Skip to main content
padlock icon - secure page this page is secure

Patient drawings of their melanoma: A novel approach to understanding symptom perception and appraisal prior to health care

Buy Article:

$54.00 + tax (Refund Policy)

Objective: This pilot study investigated the use of patient drawings to explore patient experiences of symptoms of melanoma prior to health care use.

Design: Patients (n = 63) with melanoma were interviewed within 10 weeks of diagnosis. Participants were asked to draw what their melanoma had looked like when they first noticed it, and to make additional drawings to depict changes as it developed.

Main outcome measure: The size and features of the drawings were compared between participants and with clinical data (thickness of the melanoma; histological diameter; clinical photographs).

Results: Eighty-four percent of participants were able to produce at least one drawing. This facilitated discussion of their lesion and recall of events on the pathway to diagnosis. Common features of the drawings related to the view, presence of shading, inclusion of sections and the shape and border of the lesion. There was potential for disparity between the details in awareness resources and the perceptions of patients. The drawings resembled the clinical photographs and the size of the drawings was positively associated with the histological diameter, but did not differ according to tumour thickness.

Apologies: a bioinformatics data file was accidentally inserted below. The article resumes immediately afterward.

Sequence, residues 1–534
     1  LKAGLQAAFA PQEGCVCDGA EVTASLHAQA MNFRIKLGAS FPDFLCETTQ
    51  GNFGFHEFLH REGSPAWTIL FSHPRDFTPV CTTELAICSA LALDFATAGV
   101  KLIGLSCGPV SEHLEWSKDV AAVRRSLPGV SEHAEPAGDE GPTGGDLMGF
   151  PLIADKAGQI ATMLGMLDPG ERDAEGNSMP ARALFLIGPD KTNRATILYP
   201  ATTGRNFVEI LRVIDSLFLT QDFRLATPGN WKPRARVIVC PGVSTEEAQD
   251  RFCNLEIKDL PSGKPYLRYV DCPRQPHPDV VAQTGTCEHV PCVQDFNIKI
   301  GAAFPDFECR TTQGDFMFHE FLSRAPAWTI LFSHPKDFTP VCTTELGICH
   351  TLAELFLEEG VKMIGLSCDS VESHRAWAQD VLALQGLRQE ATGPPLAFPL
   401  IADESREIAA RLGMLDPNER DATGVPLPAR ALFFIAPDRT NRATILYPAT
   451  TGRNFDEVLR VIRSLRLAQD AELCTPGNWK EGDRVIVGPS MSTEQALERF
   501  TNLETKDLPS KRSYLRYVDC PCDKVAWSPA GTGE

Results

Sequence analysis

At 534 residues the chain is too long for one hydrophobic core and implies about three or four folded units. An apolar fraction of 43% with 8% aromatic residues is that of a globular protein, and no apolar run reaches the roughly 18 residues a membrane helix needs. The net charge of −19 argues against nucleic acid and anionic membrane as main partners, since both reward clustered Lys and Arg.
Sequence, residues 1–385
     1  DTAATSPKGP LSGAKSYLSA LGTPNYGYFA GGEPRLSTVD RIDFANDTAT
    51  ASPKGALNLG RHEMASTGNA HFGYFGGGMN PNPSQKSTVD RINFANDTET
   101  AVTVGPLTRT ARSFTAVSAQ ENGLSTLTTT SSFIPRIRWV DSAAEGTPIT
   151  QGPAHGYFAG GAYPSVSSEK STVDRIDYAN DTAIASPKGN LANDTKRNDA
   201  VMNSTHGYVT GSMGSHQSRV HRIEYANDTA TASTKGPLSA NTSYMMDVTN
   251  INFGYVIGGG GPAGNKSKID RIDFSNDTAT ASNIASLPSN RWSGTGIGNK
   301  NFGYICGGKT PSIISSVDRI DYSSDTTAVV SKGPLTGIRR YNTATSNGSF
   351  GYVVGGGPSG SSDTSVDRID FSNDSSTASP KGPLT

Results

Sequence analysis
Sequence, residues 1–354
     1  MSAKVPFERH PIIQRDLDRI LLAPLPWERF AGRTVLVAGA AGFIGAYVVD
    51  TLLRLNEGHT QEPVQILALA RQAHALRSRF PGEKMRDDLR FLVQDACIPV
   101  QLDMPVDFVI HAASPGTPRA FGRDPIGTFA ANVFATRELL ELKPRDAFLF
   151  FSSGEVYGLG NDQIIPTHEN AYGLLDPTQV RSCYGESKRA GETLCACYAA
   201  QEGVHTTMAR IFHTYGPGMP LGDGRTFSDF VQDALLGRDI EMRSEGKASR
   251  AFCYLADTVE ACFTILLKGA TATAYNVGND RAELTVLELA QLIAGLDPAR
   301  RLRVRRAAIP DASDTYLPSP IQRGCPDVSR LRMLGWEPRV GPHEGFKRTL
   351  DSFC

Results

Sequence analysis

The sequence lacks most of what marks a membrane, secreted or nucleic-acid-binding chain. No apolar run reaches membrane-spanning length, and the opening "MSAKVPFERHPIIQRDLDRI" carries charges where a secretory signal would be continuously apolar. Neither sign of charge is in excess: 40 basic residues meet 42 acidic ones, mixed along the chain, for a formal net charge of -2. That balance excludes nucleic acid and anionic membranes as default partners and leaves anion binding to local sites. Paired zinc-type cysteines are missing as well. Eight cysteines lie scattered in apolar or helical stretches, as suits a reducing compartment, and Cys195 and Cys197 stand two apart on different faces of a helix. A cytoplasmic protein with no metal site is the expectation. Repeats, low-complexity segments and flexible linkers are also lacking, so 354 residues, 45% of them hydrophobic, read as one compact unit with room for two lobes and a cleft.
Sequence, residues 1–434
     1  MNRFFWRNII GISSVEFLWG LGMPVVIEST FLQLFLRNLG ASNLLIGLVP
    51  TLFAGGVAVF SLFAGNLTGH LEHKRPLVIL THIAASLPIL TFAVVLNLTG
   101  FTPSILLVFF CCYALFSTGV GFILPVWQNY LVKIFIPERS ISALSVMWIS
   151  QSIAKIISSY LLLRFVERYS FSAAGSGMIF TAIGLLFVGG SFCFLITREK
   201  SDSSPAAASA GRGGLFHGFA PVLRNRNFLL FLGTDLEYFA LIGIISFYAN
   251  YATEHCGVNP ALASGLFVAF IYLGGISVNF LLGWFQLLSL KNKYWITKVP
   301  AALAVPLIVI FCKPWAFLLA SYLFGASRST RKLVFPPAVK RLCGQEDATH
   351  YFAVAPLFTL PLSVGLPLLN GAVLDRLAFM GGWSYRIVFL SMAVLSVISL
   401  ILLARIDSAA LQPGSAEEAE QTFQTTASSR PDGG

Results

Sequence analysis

Conclusion: Asking patients to make drawings of their melanoma appears to be an acceptable, inclusive, feasible and insightful methodological tool.
No Reference information available - sign in for access.
No Citation information available - sign in for access.
No Supplementary Data.
No Article Media
No Metrics

Keywords: cancer; drawings; early diagnosis; help-seeking; melanoma

Document Type: Research Article

Affiliations: 1: Unit of Social & Behavioural Sciences, Kings College London Dental Institute, London, UK 2: The Primary Care Unit, University of Cambridge, Cambridge, UK 3: Centre for Population Health Sciences, University of Edinburgh, Edinburgh, UK

Publication date: September 2, 2015

  • Access Key
  • Free content
  • Partial Free content
  • New content
  • Open access content
  • Partial Open access content
  • Subscribed content
  • Partial Subscribed content
  • Free trial content
Cookie Policy
X
Cookie Policy
Ingenta Connect website makes use of cookies so as to keep track of data that you have filled in. I am Happy with this Find out more